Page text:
Taylor, K.L., Lister, J.A., Zeng, Z., Ishizaki, H., Anderson, C., Kelsh, R.N., Jackson, I.J., and Patton, E.E. (2011) Differentiated melanocyte cell division occurs in vivo and is promoted by mutations in Mitf. Development (Cambridge, England). 138(16):3579-89.
Coordination of cell proliferation and differentiation is crucial for tissue formation, repair and regeneration. Some tissues, such as
skin and blood, depend on differentiation of a pluripotent stem cell population, whereas others depend on the division of
differentiated cells. In development and in the hair follicle, pigmented melanocytes are derived from undifferentiated precursor
cells or stem cells. However, differentiated melanocytes may also have proliferative capacity in animals, and the potential for
differentiated melanocyte cell division in development and regeneration remains largely unexplored. Here, we use time-lapse
imaging of the developing zebrafish to show that while most melanocytes arise from undifferentiated precursor cells, an
unexpected subpopulation of differentiated melanocytes arises by cell division. Depletion of the overall melanocyte population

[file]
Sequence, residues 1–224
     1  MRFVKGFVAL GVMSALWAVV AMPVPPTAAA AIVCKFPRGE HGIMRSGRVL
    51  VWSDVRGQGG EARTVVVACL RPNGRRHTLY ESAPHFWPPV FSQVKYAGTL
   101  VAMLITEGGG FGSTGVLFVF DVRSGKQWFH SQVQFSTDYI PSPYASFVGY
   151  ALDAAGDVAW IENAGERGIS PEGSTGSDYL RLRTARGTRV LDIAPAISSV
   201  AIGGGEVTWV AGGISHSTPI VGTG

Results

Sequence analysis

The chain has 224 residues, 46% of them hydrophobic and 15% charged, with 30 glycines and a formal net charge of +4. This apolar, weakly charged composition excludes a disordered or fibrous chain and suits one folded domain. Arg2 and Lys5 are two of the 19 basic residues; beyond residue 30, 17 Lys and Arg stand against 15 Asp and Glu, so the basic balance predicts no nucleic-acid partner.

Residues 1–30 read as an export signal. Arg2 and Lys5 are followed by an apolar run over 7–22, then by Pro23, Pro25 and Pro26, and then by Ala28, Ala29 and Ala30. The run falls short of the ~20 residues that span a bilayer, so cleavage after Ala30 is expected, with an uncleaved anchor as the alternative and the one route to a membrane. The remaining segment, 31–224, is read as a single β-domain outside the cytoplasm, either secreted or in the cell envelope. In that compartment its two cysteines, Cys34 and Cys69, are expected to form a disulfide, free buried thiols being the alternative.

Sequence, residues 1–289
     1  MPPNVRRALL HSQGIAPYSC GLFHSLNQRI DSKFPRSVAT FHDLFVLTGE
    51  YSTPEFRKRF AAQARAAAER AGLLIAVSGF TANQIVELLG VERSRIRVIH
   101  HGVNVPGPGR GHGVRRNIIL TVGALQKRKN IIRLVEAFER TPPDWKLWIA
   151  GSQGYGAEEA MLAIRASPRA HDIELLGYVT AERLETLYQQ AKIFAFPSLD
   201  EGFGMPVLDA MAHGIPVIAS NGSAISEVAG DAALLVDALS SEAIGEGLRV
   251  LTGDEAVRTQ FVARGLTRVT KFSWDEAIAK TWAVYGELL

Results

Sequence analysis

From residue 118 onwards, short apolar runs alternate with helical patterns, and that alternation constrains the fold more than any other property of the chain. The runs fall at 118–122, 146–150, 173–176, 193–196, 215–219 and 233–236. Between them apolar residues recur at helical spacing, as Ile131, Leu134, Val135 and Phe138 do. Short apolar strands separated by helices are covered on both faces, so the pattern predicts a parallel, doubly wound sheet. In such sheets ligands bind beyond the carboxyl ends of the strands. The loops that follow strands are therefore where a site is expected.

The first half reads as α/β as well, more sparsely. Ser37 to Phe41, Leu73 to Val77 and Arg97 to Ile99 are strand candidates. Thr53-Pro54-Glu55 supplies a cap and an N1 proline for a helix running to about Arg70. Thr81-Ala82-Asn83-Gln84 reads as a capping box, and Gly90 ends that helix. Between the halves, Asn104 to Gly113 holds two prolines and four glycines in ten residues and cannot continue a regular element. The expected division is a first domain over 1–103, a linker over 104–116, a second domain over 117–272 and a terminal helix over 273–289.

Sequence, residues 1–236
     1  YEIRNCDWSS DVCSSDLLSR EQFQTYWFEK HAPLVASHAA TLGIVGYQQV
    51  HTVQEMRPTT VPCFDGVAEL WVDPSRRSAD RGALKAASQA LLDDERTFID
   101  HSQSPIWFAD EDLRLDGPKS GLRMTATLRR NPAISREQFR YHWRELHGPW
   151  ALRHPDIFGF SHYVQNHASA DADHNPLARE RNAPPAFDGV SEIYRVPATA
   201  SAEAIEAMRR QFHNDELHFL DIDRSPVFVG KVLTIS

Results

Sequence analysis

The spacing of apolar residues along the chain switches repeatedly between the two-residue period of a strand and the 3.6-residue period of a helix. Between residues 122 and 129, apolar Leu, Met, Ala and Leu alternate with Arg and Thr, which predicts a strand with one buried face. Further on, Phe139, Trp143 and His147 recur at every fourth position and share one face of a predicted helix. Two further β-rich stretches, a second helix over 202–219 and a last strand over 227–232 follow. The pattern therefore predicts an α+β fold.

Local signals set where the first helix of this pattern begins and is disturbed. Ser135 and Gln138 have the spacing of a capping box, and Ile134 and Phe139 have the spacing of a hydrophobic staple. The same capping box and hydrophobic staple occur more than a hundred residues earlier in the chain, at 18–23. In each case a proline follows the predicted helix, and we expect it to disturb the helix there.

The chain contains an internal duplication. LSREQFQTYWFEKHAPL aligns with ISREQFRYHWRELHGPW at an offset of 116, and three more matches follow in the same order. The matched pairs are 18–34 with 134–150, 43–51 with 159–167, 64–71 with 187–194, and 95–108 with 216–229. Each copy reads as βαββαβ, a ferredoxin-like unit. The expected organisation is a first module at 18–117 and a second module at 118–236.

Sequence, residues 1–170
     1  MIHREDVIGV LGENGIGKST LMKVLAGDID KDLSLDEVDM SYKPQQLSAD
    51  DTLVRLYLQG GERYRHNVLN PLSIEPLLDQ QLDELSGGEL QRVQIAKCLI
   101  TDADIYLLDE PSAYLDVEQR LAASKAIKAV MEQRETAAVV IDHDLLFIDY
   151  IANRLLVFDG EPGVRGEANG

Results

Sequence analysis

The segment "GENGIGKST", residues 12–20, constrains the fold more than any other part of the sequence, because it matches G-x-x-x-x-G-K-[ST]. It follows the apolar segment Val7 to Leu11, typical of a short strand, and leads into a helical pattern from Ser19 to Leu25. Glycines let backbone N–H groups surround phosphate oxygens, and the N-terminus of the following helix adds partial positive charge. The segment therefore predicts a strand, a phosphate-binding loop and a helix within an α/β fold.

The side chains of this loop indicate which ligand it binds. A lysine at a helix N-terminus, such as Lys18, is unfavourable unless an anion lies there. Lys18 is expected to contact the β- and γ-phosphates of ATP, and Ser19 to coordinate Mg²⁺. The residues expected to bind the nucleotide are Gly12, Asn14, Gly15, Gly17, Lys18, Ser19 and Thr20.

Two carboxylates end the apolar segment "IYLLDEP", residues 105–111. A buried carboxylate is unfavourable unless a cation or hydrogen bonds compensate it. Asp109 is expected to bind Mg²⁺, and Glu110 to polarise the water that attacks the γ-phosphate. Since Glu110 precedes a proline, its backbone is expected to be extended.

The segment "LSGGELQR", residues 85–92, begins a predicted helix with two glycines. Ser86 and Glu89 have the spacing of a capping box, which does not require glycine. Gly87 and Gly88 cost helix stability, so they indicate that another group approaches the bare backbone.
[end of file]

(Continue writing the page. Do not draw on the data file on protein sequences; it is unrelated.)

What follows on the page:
triggers a regeneration phase in which differentiated melanocyte division is significantly enhanced, particularly in young
differentiated melanocytes. Additionally, we find reduced levels of Mitf activity using an mitfa temperature-sensitive line results
in a dramatic increase in differentiated melanocyte cell division. This supports models that in addition to promoting
differentiation, Mitf also promotes withdrawal from the cell cycle. We suggest differentiated cell division is relevant to melanoma
progression because the human melanoma mutation MITF4TΔ2B promotes increased and serial differentiated melanocyte division
in zebrafish. These results reveal a novel pathway of differentiated melanocyte division in vivo, and that Mitf activity is essential
for maintaining cell cycle arrest in differentiated melanocytes.